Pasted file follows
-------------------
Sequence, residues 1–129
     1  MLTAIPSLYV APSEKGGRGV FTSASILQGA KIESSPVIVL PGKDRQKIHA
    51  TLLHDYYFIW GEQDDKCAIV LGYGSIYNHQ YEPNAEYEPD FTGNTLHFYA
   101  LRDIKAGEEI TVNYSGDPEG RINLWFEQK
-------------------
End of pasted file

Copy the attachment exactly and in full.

Sequence, residues 1–129
     1  MLTAIPSLYV APSEKGGRGV FTSASILQGA KIESSPVIVL PGKDRQKIHA
    51  TLLHDYYFIW GEQDDKCAIV LGYGSIYNHQ YEPNAEYEPD FTGNTLHFYA
   101  LRDIKAGEEI TVNYSGDPEG RINLWFEQK